A few days ago I inadvertently misplaced (not the same thing as “lost”) a pocket leather-bound notebook/wallet gizmo I typically carry. In it, there’s usually a few dollars, a calendar, …
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A few days ago I inadvertently misplaced (not the same thing as “lost”) a pocket leather-bound notebook/wallet gizmo I typically carry. In it, there’s usually a few dollars, a calendar, assorted notes on people I want to see or a list of groceries (loaf of milk, gallon of bread, peanut butter) I need to buy, some pictures of the world’s greatest grandchildren, and various other important pieces of stuff.
When I’m wearing a sport coat or suit jacket or even a windbreaker or other outer garment, I don’t have all that much trouble keeping up with the gizmo since it typically lives in one of the inside pockets of those garments. It’s when I’m not wearing such a piece of clothing, like now when it’s so hot, that I lose bits and pieces of my mind wondering where the thing is and how it got there.
Some folks, usually the 30-something crowd whose members were born technologically superior to any of us dinosaurs, tell me that I should do away with the bulky accessory and get myself a slim, trim (to match my physique) Blackberry or smart phone or some other thing with a similar-sounding name that I can carry on my belt. On that electronic do-dad, they say, I can keep up with all my life on something no bigger than a Rook card and that it’s so small I won’t lose it.
To me, that kind of thinking flies in the face of logic, mainly because little things are what most of tend to lose. Have you ever heard of anyone misplacing their elephant?
Anyway, me getting one of those gadgets is pretty much an impossibility for several reasons. First, “blackberry” is something my daddy and I picked with Roland Farrell when I was a lad. Then we took them home to Mama, at least the ones I hadn’t eaten in the name of doing quality control, and she would make blackberry jam or cobblers, the last of which is a dish to be eaten warm out of the oven topped with large amounts of creamy vanilla ice cream.
I don’t think you can do that with an electronic message storer/phone/camera or whatever else the things can do. The days Dick Tracy could only dream about are here. Did you really think the two-way wrist watch radio wouldn’t come to pass? Now folks have created a camera that also makes calls and other assorted electro-gadgets.
While all those gadgets are, I guess, nice in terms of keeping up with all we have to do and where we have to go and with whom and what we have to do those things it strikes me sometimes that we’ve become prisoners of ourselves and our lifestyles.
My grandpa and grandma went all their lives without such. I don’t know if they ever owned a TV, which means they never got to see Larry King or hear about his umpteenth wife or soak in CNN or whomever. They did have a radio. Grandpa thought it was a hoot that he had a big ol’ cabinet model with vacuum tubes in the back. After he got the thing tuned in just right through the static to hear Fibber McGee and Molly or his favorite — The Lone Ranger — he’d jerk the knob off so nobody could change the dial.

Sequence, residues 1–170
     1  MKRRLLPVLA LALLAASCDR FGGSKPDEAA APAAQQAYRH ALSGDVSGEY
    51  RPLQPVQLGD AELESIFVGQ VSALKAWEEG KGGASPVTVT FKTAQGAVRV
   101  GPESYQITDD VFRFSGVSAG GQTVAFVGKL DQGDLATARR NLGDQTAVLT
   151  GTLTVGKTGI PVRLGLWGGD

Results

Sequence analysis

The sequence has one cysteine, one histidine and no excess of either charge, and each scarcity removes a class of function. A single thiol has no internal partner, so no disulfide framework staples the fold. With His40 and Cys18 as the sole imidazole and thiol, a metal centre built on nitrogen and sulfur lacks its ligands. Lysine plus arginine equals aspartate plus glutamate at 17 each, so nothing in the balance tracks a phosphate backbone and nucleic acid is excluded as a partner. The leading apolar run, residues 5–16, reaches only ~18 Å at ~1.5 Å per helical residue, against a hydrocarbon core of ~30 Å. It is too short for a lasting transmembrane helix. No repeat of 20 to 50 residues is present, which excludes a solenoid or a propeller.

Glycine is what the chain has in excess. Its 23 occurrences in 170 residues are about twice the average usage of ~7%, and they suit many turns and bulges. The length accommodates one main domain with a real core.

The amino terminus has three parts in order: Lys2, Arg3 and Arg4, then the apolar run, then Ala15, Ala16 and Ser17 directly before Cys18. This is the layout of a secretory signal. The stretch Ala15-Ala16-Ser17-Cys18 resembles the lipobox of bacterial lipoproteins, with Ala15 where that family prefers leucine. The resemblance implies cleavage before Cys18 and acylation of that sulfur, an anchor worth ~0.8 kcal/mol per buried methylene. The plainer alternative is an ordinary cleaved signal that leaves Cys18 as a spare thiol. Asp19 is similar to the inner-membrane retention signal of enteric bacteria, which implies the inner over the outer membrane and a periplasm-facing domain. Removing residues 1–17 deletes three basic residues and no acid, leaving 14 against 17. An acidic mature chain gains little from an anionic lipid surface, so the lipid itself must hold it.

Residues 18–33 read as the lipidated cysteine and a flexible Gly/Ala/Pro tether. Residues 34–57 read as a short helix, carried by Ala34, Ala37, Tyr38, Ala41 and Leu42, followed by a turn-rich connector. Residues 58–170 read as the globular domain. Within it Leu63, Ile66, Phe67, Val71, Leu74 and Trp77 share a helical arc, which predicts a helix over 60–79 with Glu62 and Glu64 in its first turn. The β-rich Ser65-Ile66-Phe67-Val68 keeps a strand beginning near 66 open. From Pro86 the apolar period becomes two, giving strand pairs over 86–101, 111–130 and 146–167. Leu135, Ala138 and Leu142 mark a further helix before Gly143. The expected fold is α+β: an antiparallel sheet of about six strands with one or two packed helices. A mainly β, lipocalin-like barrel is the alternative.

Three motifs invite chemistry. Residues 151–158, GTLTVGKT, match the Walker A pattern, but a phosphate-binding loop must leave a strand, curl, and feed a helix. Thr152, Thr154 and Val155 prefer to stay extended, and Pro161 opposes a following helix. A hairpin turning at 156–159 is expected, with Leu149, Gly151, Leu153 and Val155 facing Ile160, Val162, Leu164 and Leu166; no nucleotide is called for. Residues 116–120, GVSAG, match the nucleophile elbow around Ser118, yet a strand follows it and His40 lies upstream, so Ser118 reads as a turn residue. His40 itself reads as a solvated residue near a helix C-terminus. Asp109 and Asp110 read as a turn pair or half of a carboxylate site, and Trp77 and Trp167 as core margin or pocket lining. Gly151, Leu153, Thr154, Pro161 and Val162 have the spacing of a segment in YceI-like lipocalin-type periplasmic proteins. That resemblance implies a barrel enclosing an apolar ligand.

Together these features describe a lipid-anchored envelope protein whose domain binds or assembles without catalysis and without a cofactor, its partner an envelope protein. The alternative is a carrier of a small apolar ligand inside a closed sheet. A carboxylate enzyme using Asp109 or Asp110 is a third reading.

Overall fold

And today, some of the younger generation find it almost impossible to believe that when I was their age, I had to get up out of my chair and walk across the living room to change the channel from what it was on to one of only three others. (For the record, they were Channel 2 in Greensboro, which we didn’t get too clearly in east Pittsboro, 5 in Raleigh and 11 in Durham. There was also Channel 4 but it was mostly school lessons, not yet having moved to broadcasting Doo-Wop concerts, country music documentaries and assorted old rock and roll celebrations.)
These days I’m wondering exactly why is “bigger” better? Who says we must have this gadget or that? Why? Why do we really need to know what the Stock Market is doing at the exact moment? Why do I need or even want to know what Sheik Ali Fuzzy is thinking right now?
I know...I know...we’re all part of the global community and what happens on the other side of the world or even the street can and often does trickle down or back to us all. And I know not everyone agrees with me. There are lots and lots of folks who love to run wide open all the time and can’t have enough gadgets and such and things to do and places to go to save their souls.
I just don’t think I’m one of them. To quote my boyhood friend and adviser on matters from the heart to the pocketbook, Bobby Joe High, “The hurryer I go the behinder I get.”
Lest you think I have mastered this art of throwing off some of the technological trappings of our lifestyle for a more simple existence, let me assure you I haven’t.
Once I accidentally left my cell phone lying on the bed one Sunday as we went off to church and I may not have heard my sermon trying to remember if I’d lost the thing.
But I’m trying...trying to do more or less only what’s necessary, trying to sit on the screened-in back porch, listening to the birds, trying to appreciate the beauty of the sunset before the glare of neon hides it, trying to savor the good folks we meet along the way who make life better.
I think it’s in the trying that we find the quality of life.